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It won’t be right on the night

By Dennis Jensen - posted Tuesday, 8 January 2008

We’ve all seen reports of Defence acquisition costs blowing out (PDF 6.55MB), of programs slipping to the right (in other words, being delayed), of capability requirements not met. Is it really as bad as this, or is this a case of perceptions being incorrect? If it is as bad as the popular press is making out, then what is the problem, and how should it be addressed?

Let’s think about some of the major acquisitions or upgrades that have taken place over the last few years. There was the purchase of the Manoora and Kanimbla, two ships that had significant rust and came into service late and well over budget. We have had the Super Seasprite debacle, which many in industry warned Defence about years ago. A billion odd dollars later, it appears that the project will be scrapped. Then there’s the fast frigate (FFG) upgrade, years overdue and also way over budget. There is also the ARH (Tiger attack helicopter) that was supposedly an off-the-shelf system, yet it’s late and the specified requirements still have not been met.

And that is before we even get to the most expensive purchase in Australia’s history, the New Air Combat Capability (NACC) …


Defence tends to acknowledge problems in the past (if they didn’t, there wouldn’t even be the pretence of being reasonable), but they also go on state that the problems are in the past, and that things are now on track. The problem is the present (and future) tends to replicate the past. Yet, when Defence gives these assurances that all is well, they tend to be believed again and again. This is not just an issue for the Government; the Opposition is fed the same story, with the same result.

The Australian National Audit Office (ANAO) tends to be the only organisation that holds Defence to account through detailed studies. Yet Defence holds this body in contempt and suspicion. Defence often pushes the line that ANAO does not have the requisite detailed understanding of the complexities to analyse their programs correctly.

There is also an inherent problem in the funding model applied to the Defence Science and Technology Organisation (DSTO), in that the funding for research is under the direction of various two-star officers. As such, DSTO is not truly independent of their Defence masters - research efforts and direction are not as independent as they should be. I understand this model came about so that the research undertaken by DSTO would remain relevant to Defence requirements. While I applaud the reason for this policy, it does not serve us well. How can DSTO provide frank and fearless advice when some of the research activity they should conduct is not funded?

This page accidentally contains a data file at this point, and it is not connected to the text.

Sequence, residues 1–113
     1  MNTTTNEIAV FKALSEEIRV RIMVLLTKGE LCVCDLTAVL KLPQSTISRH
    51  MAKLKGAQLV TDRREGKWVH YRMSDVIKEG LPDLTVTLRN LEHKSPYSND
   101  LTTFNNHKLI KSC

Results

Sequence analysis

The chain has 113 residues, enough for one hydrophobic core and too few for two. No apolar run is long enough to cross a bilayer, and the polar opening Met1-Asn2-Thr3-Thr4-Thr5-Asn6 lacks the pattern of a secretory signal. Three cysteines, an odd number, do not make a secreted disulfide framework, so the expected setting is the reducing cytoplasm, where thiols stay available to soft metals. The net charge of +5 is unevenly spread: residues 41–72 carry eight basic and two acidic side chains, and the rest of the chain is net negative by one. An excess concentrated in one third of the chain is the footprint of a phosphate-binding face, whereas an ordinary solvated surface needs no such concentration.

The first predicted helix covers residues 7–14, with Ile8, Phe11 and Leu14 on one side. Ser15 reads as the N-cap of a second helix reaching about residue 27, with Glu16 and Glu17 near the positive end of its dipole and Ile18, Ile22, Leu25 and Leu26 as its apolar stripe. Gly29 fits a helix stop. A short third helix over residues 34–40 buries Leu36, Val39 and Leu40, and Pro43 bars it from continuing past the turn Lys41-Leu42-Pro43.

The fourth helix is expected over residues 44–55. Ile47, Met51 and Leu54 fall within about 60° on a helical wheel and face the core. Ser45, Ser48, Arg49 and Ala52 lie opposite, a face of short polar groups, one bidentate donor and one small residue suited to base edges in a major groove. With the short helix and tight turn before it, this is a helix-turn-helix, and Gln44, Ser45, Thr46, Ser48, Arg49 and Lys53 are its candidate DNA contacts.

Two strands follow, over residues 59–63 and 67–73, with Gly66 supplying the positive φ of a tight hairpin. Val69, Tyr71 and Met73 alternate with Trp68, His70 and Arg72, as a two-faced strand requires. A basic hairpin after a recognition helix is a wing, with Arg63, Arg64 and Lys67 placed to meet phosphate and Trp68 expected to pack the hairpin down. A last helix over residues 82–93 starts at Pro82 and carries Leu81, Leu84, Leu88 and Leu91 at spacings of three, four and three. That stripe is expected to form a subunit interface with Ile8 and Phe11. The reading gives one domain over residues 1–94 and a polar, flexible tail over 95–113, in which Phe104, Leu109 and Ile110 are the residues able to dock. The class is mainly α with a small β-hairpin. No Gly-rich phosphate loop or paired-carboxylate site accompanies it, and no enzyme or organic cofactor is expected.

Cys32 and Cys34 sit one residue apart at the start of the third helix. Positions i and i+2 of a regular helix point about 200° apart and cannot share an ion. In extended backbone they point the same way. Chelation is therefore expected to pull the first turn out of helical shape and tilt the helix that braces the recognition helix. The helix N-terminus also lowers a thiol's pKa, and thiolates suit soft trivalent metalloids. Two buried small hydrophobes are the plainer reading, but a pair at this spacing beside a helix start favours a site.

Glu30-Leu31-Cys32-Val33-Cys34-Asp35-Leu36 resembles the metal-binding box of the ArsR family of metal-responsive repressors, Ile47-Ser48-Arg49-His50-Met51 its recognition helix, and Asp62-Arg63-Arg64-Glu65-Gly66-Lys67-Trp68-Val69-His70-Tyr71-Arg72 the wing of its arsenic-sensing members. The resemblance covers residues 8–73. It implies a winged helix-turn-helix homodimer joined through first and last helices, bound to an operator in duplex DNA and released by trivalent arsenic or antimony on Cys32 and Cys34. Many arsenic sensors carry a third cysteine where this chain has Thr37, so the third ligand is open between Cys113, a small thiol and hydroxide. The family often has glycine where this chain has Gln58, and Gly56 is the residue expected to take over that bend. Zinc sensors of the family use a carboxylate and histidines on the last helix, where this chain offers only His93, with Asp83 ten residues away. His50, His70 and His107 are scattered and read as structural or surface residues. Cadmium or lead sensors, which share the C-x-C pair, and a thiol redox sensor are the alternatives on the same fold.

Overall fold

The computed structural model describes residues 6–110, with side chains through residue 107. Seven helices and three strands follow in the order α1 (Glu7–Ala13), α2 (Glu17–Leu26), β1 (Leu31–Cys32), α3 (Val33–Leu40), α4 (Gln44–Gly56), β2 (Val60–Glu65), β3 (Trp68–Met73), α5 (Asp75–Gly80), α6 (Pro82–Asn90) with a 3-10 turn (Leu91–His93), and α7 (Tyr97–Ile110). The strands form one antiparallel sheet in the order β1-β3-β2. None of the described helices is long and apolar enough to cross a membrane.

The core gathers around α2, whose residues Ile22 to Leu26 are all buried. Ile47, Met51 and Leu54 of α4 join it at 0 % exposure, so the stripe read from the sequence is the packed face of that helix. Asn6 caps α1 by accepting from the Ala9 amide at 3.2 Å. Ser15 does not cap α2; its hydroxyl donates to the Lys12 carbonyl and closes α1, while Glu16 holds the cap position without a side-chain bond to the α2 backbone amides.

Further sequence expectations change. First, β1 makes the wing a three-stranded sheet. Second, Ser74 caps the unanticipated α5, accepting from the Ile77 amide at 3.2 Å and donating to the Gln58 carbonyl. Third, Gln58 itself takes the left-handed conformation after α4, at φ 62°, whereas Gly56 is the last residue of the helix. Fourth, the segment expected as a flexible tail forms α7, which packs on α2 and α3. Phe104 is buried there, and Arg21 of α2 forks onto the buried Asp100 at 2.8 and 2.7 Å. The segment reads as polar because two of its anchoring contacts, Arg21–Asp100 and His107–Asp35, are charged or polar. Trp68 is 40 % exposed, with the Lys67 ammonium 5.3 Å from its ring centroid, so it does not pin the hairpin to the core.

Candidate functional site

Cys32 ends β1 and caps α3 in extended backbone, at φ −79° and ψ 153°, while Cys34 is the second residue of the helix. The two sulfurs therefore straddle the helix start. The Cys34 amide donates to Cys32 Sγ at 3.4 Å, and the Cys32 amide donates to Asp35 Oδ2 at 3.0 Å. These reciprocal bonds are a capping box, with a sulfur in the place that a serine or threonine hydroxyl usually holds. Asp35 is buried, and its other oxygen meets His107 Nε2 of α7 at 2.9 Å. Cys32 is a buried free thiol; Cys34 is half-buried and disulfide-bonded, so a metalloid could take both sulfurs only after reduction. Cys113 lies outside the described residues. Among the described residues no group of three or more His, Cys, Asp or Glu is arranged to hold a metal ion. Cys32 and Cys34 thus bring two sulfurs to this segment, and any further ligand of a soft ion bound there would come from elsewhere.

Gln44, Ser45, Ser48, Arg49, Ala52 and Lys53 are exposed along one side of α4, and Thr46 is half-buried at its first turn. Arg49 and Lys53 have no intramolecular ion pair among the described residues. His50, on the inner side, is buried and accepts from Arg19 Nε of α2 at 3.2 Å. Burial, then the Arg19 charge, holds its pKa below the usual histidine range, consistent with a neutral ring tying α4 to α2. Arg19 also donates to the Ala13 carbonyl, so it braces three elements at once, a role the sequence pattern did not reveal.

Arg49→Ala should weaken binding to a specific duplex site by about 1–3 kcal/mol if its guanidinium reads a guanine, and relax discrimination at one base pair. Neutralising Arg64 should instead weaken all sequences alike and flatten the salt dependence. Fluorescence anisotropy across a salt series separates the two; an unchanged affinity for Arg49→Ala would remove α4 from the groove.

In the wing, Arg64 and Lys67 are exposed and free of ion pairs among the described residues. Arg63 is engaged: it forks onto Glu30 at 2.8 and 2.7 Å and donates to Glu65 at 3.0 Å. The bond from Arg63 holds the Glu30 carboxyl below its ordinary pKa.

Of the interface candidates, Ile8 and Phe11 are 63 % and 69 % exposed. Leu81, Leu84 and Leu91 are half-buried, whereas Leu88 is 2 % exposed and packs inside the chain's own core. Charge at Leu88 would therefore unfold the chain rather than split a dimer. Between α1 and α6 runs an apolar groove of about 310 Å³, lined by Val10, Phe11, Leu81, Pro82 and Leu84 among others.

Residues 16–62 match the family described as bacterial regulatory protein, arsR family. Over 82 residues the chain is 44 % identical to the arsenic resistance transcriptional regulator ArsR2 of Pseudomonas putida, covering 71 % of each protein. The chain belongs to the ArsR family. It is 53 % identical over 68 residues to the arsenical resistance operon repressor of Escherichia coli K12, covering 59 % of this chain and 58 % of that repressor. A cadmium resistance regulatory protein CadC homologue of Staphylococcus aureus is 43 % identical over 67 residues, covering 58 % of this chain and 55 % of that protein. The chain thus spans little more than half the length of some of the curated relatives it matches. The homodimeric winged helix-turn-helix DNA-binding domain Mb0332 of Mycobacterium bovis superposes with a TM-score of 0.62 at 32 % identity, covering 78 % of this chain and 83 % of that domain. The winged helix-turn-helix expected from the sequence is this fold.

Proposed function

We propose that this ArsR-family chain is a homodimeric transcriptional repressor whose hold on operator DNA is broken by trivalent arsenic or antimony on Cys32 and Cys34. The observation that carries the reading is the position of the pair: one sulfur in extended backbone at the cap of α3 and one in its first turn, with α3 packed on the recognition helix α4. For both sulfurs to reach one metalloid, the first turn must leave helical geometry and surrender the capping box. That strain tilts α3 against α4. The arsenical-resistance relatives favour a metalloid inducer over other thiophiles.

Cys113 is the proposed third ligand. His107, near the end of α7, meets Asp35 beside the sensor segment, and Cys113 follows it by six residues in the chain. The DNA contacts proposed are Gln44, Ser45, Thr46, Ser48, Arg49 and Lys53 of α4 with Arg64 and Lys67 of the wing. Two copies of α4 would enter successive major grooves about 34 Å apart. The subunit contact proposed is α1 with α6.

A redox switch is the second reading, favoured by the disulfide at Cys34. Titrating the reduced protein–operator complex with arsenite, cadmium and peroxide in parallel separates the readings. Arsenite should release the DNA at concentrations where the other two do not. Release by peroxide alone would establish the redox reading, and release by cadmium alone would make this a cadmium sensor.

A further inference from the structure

New Air Combat Capability - the F-35 Lightning II

The NACC provides a good illustration of how all of the above factors can go wrong at once. This is an acquisition that will cost each man, woman and child in Australia about $1,000 each!

As Project AIR 6000, DSTO Air Operations Division was to conduct a comparative analysis of the various contenders. They had barely set up an analysis methodology before Defence recommended to Minister Hill that the JSF was the appropriate capability for Australia. Minister Hill accepted that advice, and from that moment analysis of all other contenders was “switched off”. A mere semblance of a watching brief has followed since.

There were analysts and other interested parties that were concerned about this decision. They voiced their concerns both on the fundamental capability questions and the risks that were likely to eventuate from this program. The Defence leadership not only did not accept or listen to the criticism, they were very aggressive in their approach and at times used ad hominem attacks on those criticising the decision.


At that early point they decided to “situate the appreciation” as opposed to the desirable (in fact essential) process of “appreciating the situation”. What this means is that the Defence leadership decided that the JSF was the answer, and then built up the question premised on this required outcome.

Early on, for example, the conventional take-off and landing (CTOL) F-35 variant that we opted for only had space in the internal weapons bays for 1,000 lb weapons, as opposed to the 2,000lb internal weapons capability in the F-111. As the Defence leadership had decided to kill the F-111, they stated at the time that the 1,000lb JDAM and the small diameter bomb could do all of the jobs required, and the 2,000lb capability was not necessary.

Fast forward a few years, and the CTOL JSF now has a 2,000lb class weapons bay, even though we don’t yet know which 2,000 lb weapons it will be able to safely eject. Much criticism has pointed to the F-22 as the better solution for Australia, compared to the JSF. The F-22 does only have a 1,000lb class internal weapons bay. Result? Suddenly, the ability to carry 2,000lb weapons internally becomes important.

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First published at Catallaxy on January 23rd, 2007.

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About the Author

Dr Dennis Jensen is the Liberal federal member for Tangney in Western Australia. A former air traffic controller, CSIRO and later Defence research scientist, and defence analyst, he was widely recognised as one of the rising stars on John Howard’s backbench. He’s played an important part in Australia’s air capability debate.

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